Rock bit technology has progressed significantly since the cable tool rig drilled Drake's Well in 1859 near Titusville, Pennsylvania, and a bi-cone bit drilled the Lucas Gusher in Beaumont, TX, in 1901.
Today's drilling professional has a wide array of choices.
Roller Cones, or Tricones, have three moving heads.
Button Bits have tungsten carbide inserts
Tooth Bits have steel teeth.
Drag Bits are economical when drilling softer geological formations and shallower depths. The tips, or wings, are affixed with tungsten carbide.
PDC Bits are fixed cutters. Unlike Tricones, there is no movement relative to the bit head. PDC bits shear rock with diamond faced pdc cutters affixed to tungsten carbide.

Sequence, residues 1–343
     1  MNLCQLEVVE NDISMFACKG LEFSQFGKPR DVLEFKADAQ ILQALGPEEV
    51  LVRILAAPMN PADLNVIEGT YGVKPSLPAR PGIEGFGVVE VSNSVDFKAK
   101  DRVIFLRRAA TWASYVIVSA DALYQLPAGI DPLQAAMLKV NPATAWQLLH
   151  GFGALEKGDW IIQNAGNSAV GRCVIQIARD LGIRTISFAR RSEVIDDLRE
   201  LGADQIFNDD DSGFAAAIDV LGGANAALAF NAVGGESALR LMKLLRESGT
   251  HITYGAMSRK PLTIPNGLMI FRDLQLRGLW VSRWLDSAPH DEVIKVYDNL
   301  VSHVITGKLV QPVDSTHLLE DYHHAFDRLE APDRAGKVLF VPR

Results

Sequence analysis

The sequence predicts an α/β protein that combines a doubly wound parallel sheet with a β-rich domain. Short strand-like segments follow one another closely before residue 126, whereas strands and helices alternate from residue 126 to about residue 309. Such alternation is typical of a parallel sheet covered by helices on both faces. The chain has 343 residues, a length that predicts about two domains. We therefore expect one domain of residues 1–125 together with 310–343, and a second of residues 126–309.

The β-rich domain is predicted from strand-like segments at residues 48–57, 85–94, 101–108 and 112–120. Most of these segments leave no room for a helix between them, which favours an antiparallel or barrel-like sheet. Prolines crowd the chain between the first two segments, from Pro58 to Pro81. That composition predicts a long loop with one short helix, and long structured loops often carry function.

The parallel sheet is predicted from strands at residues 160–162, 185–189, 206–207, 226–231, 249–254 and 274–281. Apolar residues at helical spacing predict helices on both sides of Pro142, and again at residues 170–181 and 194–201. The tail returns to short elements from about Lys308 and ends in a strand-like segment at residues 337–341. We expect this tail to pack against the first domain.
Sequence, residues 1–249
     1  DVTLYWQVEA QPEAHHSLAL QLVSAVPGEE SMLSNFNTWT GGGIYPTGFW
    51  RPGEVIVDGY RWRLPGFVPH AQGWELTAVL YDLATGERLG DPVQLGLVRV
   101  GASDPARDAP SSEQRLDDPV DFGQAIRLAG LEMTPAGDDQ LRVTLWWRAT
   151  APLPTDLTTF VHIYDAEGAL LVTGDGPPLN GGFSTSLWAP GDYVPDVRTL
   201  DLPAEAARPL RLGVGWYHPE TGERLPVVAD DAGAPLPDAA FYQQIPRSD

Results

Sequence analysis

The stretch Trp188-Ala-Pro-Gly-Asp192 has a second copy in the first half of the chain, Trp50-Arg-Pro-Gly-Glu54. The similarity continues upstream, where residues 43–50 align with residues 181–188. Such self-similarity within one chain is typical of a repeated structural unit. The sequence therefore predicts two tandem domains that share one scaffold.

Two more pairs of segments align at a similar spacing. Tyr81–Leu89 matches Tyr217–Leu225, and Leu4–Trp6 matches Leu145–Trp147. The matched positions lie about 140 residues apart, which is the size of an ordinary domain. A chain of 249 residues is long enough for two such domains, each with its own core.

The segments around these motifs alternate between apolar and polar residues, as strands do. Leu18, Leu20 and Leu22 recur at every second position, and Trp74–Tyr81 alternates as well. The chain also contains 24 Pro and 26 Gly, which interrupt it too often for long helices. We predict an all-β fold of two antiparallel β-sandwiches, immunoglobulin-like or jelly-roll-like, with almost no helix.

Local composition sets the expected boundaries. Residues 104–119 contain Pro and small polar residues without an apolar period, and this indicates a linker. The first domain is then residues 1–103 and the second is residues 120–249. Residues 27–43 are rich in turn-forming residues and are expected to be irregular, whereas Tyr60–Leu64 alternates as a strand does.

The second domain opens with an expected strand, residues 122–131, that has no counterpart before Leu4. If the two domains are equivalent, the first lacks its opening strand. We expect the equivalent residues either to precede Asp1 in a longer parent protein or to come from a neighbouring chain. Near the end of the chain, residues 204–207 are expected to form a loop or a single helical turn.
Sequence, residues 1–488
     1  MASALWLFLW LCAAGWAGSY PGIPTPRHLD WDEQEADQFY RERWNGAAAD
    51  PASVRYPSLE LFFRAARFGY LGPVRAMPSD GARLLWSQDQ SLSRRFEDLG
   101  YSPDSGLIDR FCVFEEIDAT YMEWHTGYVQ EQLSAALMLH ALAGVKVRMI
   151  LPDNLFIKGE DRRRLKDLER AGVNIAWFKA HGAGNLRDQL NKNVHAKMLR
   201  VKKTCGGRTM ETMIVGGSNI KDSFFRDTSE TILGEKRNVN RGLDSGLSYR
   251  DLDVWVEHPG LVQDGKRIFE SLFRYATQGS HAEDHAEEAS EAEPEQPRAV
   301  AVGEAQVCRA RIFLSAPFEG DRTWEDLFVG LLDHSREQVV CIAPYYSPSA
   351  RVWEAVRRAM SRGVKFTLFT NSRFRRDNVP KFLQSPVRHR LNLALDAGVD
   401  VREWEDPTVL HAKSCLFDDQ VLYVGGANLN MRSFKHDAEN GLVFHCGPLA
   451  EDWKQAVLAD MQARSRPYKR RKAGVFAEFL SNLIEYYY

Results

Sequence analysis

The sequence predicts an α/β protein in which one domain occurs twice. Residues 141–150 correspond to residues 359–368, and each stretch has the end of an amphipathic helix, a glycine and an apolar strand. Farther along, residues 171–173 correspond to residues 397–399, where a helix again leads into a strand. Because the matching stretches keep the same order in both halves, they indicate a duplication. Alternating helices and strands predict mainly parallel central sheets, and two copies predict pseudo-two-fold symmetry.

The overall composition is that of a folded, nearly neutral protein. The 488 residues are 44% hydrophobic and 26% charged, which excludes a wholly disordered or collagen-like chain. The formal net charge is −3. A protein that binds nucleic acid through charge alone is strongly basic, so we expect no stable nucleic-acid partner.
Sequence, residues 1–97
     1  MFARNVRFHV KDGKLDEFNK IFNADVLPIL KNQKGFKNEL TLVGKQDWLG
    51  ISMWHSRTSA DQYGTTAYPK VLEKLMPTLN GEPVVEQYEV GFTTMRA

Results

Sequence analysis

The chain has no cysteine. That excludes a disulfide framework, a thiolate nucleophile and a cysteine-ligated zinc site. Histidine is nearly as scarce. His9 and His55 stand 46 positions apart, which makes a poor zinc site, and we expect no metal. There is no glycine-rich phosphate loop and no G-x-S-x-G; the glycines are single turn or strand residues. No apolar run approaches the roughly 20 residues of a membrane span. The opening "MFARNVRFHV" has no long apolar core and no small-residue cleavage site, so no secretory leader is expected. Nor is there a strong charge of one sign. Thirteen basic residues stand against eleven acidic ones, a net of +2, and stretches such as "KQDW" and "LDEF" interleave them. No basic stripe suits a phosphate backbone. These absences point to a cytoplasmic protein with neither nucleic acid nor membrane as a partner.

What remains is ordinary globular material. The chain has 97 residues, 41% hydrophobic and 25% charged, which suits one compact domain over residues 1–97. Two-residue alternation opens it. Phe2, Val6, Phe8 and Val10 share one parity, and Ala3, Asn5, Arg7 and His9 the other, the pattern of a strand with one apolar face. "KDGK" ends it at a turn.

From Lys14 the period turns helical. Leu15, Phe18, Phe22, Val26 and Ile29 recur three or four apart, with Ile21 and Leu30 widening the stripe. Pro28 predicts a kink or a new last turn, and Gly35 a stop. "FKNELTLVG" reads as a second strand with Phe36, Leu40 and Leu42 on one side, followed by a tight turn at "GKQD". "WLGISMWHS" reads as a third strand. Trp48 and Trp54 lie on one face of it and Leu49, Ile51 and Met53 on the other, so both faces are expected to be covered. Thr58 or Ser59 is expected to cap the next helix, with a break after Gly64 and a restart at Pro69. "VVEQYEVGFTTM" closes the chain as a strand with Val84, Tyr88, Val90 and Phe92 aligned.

The advantages of using a Work Over Mill are: No moving parts and no lost cones. The Bear Claw, Hurricane, and Aardvark Mills are designed for specific drilling applications.
All the above are manufactured according to strict standards set forth by the American Petroleum Institute (API). Tricones and PDC Bits are classified according to characteristics set forth by the International Association of Drilling Contractors (IADC).
Founded in 1873, Atlas Copco is a Swedish company headquartered in Stockholm and is present in more than 55 countries with operations in over 170 different markets.
Atlas Copco is a trusted name with 140 years of experience in the mining and construction industries. Their expertise is not only the manufacture of Tricones and PDC Bits, but also diesel engines, industrial power tools, and drilling rigs.